Blind Spot: The Monster Squad

The _Monster_Squad

Childhood nostalgia is such a personal thing that debating the merits of that which brought us so much joy in our youth seems like a pointless endeavor. Similar to the never ending Coke versus Pepsi debate, there can never be a right answer. It all boils down to personal taste.

Of course that has not stopped countless passionate souls from attempting to sway others with the importance of their childhood memories. One need look no further then the longstanding The Goonies versus The Monster Squad debate that has consumed many of local cinephiles I associate with. While there were numerous films that made up the seminal 80’s canon of kids movies – seriously, the art of smart child-based adventure films has never been as strong as it was in the that decade – the similarities between The Goonies and The Monster Squad, were enough to draw battle lines in the sand for many.

Having grown up only seeing The Goonies which, like many of The Monster Squad disciples, I watched numerous times, I had to abstain from such rambunctious discourse. Now that I have finally caught up with Fred Dekker’s film, I will have to take the Switzerland position and remain neutral. The fact is I enjoyed them both for different reasons. While I will always have an affinity for the sense of adventure that The Goonies evoked in my young mind, I am pretty sure my younger self would have eaten up The Monster Squad as well. Although the film does not have the powerhouse team of Richard Donner, Steven Spielberg and Chris Columbus behind it, the film is surprisingly economical with what it has to work with.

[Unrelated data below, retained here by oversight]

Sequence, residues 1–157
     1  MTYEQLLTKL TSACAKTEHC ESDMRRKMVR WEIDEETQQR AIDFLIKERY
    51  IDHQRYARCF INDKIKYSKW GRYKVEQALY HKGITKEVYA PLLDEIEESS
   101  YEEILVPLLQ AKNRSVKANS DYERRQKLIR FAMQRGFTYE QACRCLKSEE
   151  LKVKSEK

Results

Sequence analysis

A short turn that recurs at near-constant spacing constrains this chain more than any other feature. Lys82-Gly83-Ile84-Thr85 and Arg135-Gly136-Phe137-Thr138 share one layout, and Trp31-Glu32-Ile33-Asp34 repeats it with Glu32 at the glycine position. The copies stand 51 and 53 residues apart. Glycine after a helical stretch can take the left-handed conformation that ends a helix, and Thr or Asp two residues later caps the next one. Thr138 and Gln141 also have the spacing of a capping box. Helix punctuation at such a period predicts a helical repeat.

Playing like an introductory horror film for the pre-teen set, the film follows a group of monster fanatics whose knowledge is put to the test when classic movie monsters threaten to destroy their town. The bulk of the story involves the villainous Count Dracula (Duncan Regehr) pulling a team together – which includes The Frankenstein Monster (Tom Noonan), The Wolf Man (Carl Thibault), The Mummy (Michael MacKay) and The Gill-man (Tom Woodruff Jr.) – to seek out both an ancient amulet, that his old nemesis Van Helsing unsuccessfully attempted to use over a 100 years ago to banish him, and a diary that holds to incantation that unlocks the amulet’s power. As luck would have it the latter has fallen into the hands of Sean (Andre Gower), a young boy who just happens to run a monster’s appreciation club in his treehouse. When Sean and his ragtag group of friends become aware of Dracula’s intentions, they only have a limited amount of time to try and finish what Van Helsing started.

Backed by a humorous screenplay by Dekker and Shane Black, the latter of whom had his first screenplay, Lethal Weapon, also hit theatres the same year as The Monster Squad, the film does a solid job of blending the horror-comedy beats with an honest representation of adolescences. Unlike The Goonies, where one of the characters can make ridiculous gadgets that only seem plausible in the movies, the protagonists in The Monster Squad feel like regular kids you would see playing on the streets in any community. Despite the fantastical situation that Sean and his friends find themselves in, the characters feel authentic. Everything from their encounter with bullies to the turbulent relationship of Sean’s parents to the curse words the kids use, though politically incorrect when viewed with modern lenses, is easily identifiable.

While the film does ask viewers to take several leaps in logic, such as when Sean quickly deciphers that Mr. Alucard = Dracula, it is no different than the suspension of disbelief required for 80’s gems such as Gremlins or Teen Wolf. Plus, The Monster Squad is never shy about giving several winks to the audience. The film not only shows its love for classic monster movies, but also several pop culture staples like The Hardy Boys and Stephen King.

If the benchmark of a solid children’s film is its ability to both empower and entertain younger viewers, then The Monster Squad achieves both of those objectives. While not a perfect film, it is one that deserves to be viewed with that same nostalgic eye that is still showered upon many of its peers today. When the principle in the film remarks that “I was a kid once, I thought monsters were cool,” I could not help wish I that had discovered the cool monster loving joy of this film when I was a kid.